Mentions: Vaginal HSV-2 infection in guinea pigs has many of the same features of the human disease including an acute phase, viral shedding, viral latency, and recurrent lesions. In the guinea pig model the HSV-2 challenge dose is intended to infect 100% of the animals but is not necessarily lethal, although some animals may die from the infection or may need to be euthanized due to severe disease. Guinea pigs immunized with HSV529 (106 CCID50, i.m.) 48 and 27 days before HSV-2 vaginal challenge (G strain, 105 CCID50) were protected from subsequent weight loss (n = 14; Fig. 4A) and from developing vaginal lesions (n = 14; Fig. 4B). Control animals (n = 15) attained a peak mean acute lesion score of 3.7 ± 1.4 at p.i. day 8, and 7 of the animals died or were euthanized between p.i. days 8 and 28. In contrast, animals immunized with HSV529 had a maximum mean acute lesion score of only 0.5 ± 0.7 on p.i. day 4 and none of the animals died (Fig. 4C). Overall, lesion scores during all the acute phase were significantly lower in the HSV529-vaccinated group than in the control group (p = 0.0003, analysis of variance). Whereas all 15 control animals shed vaginal virus and had a geometric mean titer of 5.1 ± 0.9 log10 CCID50 on p.i. day 2, only 5 of the 14 immunized animals were shedding virus on p.i. day 2 with a geometric mean titer of 2.5 ± 0.5 log10 CCID50 (Fig. 4D). Overall, viral titers between p.i. days 2 and 4 were significantly lower in the immunized group than in the control group (all p-values < 0.038, Wilcoxon test).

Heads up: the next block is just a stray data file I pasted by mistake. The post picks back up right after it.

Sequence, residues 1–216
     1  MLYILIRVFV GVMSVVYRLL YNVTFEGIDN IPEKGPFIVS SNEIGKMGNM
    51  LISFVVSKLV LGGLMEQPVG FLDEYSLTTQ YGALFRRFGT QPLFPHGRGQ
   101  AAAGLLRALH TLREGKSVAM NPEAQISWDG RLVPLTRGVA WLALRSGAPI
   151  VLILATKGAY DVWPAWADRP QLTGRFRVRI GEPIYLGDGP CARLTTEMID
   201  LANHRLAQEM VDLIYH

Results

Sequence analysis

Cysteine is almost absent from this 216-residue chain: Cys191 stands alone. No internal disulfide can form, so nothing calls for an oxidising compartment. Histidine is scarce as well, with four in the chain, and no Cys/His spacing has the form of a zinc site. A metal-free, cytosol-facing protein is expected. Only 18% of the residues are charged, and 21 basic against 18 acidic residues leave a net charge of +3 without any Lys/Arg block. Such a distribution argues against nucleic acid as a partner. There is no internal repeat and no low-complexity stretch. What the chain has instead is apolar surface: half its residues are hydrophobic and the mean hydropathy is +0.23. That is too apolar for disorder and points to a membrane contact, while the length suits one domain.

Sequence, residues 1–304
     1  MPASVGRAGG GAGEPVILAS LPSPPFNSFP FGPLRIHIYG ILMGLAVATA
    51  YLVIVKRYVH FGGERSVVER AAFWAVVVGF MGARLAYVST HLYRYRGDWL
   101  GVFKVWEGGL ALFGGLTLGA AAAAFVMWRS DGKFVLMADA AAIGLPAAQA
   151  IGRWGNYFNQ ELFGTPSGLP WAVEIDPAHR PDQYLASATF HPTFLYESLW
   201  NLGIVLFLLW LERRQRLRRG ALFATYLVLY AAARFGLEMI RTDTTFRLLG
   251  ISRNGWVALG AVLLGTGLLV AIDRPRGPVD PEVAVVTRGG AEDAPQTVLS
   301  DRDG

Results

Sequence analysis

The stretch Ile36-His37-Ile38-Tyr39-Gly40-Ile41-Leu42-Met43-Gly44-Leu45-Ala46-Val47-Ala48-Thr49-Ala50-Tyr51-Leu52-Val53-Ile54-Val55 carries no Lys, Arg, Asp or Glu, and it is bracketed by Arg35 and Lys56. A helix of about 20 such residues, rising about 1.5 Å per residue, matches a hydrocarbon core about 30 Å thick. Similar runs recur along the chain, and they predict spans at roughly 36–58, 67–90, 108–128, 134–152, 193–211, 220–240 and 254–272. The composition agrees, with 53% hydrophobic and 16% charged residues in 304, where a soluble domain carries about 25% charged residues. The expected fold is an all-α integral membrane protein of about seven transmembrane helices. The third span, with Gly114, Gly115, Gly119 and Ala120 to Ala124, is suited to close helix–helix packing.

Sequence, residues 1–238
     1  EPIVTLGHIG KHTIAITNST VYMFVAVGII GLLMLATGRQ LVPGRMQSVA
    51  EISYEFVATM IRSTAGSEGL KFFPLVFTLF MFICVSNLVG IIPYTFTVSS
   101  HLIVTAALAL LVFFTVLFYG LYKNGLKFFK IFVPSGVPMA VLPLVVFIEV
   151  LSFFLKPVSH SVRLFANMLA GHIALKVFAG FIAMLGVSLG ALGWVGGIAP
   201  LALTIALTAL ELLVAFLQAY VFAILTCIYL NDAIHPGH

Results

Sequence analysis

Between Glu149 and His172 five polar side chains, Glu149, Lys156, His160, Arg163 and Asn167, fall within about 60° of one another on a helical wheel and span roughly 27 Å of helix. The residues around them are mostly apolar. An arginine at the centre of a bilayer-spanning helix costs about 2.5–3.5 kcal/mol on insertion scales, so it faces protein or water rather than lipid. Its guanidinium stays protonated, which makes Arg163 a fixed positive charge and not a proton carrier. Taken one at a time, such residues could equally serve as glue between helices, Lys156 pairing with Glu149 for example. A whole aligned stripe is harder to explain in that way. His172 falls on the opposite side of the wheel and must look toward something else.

Bottom Line: Immunization effectively prevented HSV-2 infection in all three animal models by reducing mortality, acute genital disease severity and frequency, and viral shedding.It also reduced ganglionic viral latency and recurrent disease in naïve and HSV-1 seropositive guinea pigs.These results further support the clinical investigation of HSV529 in human subjects as a prophylactic vaccine.

View Article: PubMed Central - PubMed

Affiliation: Sanofi Pasteur, Research and Development, Marcy-l'Étoile, France.

ABSTRACT
HSV-2 vaccine is needed to prevent genital disease, latent infection, and virus transmission. A replication-deficient mutant virus (dl5-29) has demonstrated promising efficacy in animal models of genital herpes. However, the immunogenicity, protective efficacy, and non-replicative status of the highly purified clinical vaccine candidate (HSV529) derived from dl5-29 have not been evaluated. Humoral and cellular immune responses were measured in mice and guinea pigs immunized with HSV529. Protection against acute and recurrent genital herpes, mortality, latent infection, and viral shedding after vaginal HSV-2 infection was determined in mice or in naïve and HSV-1 seropositive guinea pigs. HSV529 replication and pathogenicity were investigated in three sensitive models of virus replication: severe combined immunodeficient (SCID/Beige) mice inoculated by the intramuscular route, suckling mice inoculated by the intracranial route, and vaginally-inoculated guinea pigs. HSV529 immunization induced HSV-2-neutralizing antibody production in mice and guinea pigs. In mice, it induced production of specific HSV-2 antibodies and splenocytes secreting IFNγ or IL-5. Immunization effectively prevented HSV-2 infection in all three animal models by reducing mortality, acute genital disease severity and frequency, and viral shedding. It also reduced ganglionic viral latency and recurrent disease in naïve and HSV-1 seropositive guinea pigs. HSV529 replication/propagation was not detected in the muscles of SCID/Beige mice, in the brains of suckling mice, or in vaginal secretions of inoculated guinea pigs. These results confirm the non-replicative status, as well as its immunogenicity and efficacy in mice and guinea pigs, including HSV-1 seropositive guinea pigs. In mice, HSV529 produced Th1/Th2 characteristic immune response thought to be necessary for an effective vaccine. These results further support the clinical investigation of HSV529 in human subjects as a prophylactic vaccine.

No MeSH data available.


Related in: MedlinePlus